**Objectives**

Students will be able to understand the concepts of collecting or gathering data in survey or question form so that it can be presented in a clear and logical form. Students will have to understand that when collecting data in a real-world situation that the: 1) Data source has to be reliable; 2) The sample has to be representative; 3) The survey design has to be appropriate.

**Goals**

1. Have students begin to demonstrate an understanding for collecting data

2. Students will learn different methods for collecting data

3. Learn the concepts of valid and invalid data

4. Introduce Fathom as a tool for recording data in collection and survey form

**Materials**

1. Tape measures

2. Recording charts

3. Fathom software

**Procedure**

1. Students will be told that they will be conducting an "experiment" where data will be collected. The data collection will consist four measurements that the students gather from one another.

2. The reason for the experiment will be to answer some very important mathematical questions dealing with data analysis and what we can learn from it. Begin a discussion on the students experience with data gathering and specifically what was concluded from that experience. These questions will then be answered from this experiment that is being conducted in class today.

- Do the measurements that we are taking in class have validity? How can he chances for having valid data be increased?
- What are some other ways that data can be collected?
- What predictions can be made from these measurements?
- What relationships develop between attributes (variable)?

3. Students will be broken down into groups of two (three can also be used) and each group will be given a tape measure and measurement chart worksheet. See Chart here. Remind the students to keep accurate records of the data and not to just write down the numbers they find but to see if they can start to understand the number.

4. In pairs the students will be told that they will be taking four measurements. The four measurements are: height, arm span (middle finger to middle finger with arms spread out), wrist circumference and forearm width. These measurements then will be recorded on that chart that was handed out.

5. Following the collection of data from each pair of students will be asked to write down some open-ended exploratory questions. I want the students to be able to develop questions that may be asked about the data set that was gathered with their partner(s).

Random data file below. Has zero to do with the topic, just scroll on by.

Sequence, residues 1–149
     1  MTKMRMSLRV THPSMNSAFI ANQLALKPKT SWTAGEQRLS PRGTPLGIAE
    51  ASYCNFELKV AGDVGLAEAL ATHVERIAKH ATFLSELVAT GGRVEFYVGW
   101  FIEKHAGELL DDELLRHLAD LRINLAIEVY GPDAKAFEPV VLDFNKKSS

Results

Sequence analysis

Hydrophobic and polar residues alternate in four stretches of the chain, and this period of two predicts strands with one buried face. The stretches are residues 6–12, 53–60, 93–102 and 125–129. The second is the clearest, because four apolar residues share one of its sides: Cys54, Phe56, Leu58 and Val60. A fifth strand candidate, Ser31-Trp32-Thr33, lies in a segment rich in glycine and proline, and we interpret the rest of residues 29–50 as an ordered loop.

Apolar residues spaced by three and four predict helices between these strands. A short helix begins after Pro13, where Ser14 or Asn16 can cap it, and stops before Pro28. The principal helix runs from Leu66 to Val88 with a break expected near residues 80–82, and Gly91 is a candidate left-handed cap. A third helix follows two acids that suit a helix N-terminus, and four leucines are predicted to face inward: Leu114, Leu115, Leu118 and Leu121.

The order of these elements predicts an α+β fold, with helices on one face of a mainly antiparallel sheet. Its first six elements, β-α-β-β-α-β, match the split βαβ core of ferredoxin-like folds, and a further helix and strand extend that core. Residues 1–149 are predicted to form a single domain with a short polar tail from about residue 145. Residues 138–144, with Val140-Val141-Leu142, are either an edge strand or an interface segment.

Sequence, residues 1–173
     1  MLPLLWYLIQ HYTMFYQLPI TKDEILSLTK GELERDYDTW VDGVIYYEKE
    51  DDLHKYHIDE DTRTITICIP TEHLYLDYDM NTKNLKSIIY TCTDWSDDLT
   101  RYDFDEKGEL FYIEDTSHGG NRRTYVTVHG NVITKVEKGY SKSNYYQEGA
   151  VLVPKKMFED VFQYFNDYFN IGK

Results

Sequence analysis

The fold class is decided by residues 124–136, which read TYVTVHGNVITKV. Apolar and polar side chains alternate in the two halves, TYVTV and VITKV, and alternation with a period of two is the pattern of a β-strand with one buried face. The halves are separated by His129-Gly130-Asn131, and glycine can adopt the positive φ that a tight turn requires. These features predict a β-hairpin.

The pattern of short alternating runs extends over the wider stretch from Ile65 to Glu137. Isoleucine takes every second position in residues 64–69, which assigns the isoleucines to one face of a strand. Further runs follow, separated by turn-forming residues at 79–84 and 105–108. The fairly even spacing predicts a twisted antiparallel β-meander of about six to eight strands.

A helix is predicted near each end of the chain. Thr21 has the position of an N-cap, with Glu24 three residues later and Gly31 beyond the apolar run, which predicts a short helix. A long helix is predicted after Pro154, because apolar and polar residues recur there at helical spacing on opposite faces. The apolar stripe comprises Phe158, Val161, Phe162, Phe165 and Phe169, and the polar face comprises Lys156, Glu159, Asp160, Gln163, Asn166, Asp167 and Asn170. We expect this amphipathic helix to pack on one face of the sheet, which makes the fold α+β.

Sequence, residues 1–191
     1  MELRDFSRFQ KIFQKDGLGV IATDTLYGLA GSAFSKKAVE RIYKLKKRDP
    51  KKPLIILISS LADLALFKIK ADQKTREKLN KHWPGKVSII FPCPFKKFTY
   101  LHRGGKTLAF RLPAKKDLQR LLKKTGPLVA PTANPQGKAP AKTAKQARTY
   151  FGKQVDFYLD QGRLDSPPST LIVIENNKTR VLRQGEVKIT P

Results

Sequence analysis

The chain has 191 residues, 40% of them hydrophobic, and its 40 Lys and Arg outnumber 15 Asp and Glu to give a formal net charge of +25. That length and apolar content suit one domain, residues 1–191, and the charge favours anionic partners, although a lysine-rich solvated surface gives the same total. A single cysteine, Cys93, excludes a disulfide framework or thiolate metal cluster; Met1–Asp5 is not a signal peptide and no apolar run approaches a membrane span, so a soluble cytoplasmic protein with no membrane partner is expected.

6. After giving the students 5-10 minutes, using a larger spreadsheet that you previously made verbally collect all the measurements that the class has gathered from each of the classmates. This will be the master list of measurements from the students. Make sure that the master list of measurements is visible for the entire class to see.

7. Next verbally develop a master list of questions that was gathered by each group. Record all of the questions on a blackboard or overheard so that the entire class can see them. Address the questions that seem to be most popular or appear more than once. Make sure that each question is addressed so that the students have the answers. The questions that need to be answered from this data are the following:

8. Following the discussion introduce students to Fathom and how you can use it in data analysis. Explain that we are going to be able to type in all the measurements and explore relationships that develop. For example, what happens if height is compared with wrist circumference. Also introduce the terms mean, median, mode and range and see if the students know the definitions of these terms.

9. Open Fathom for the
first time and show the students how to start a collection by
opening a **<new>** table. Begin to set up the table
and type the attributes necessary for this collection.

This will conclude the lesson for the day. This is a appropriate stopping point because the students can then start to see what is going to develop with the use of Fathom.

**Rationale**

By spending an entire class period discussing and actually collecting data the students will become engaged in the activity. They will have a sense of ownership in what is taking place and by working with a partner the process of collecting the measurements will take less time.

By taking measurements of the body the students will soon realize that measurements can be used to make future predictions and inferences about the data collected. They will also grasp the idea that data has to be valid to be used to make these predictions and that surveys, actual experiments and already conducted studies are all ways to collect data and make new or improved predictions.

**Assessment**

As students are collecting data they will be informally assessed on the goals of the task, participation and involvement within the group. Students will be required to have recorded all the measurements in the correct manner. At the end of class the measurement worksheets will be collected to verify that the information that was recorded was accurate and the students actually wrote down what the measurements were. The questions that each pair of students present will also be looked at as an assessment tool.

**Homework**

Students will be asked to come up with a real-world problem where data can be collected and used for analysis. Each student will have to turn in an outline that would show what information is being collected, what relationships may be formed from that information, how the information is being collected and why someone might want to take advantage of this data collection and analysis.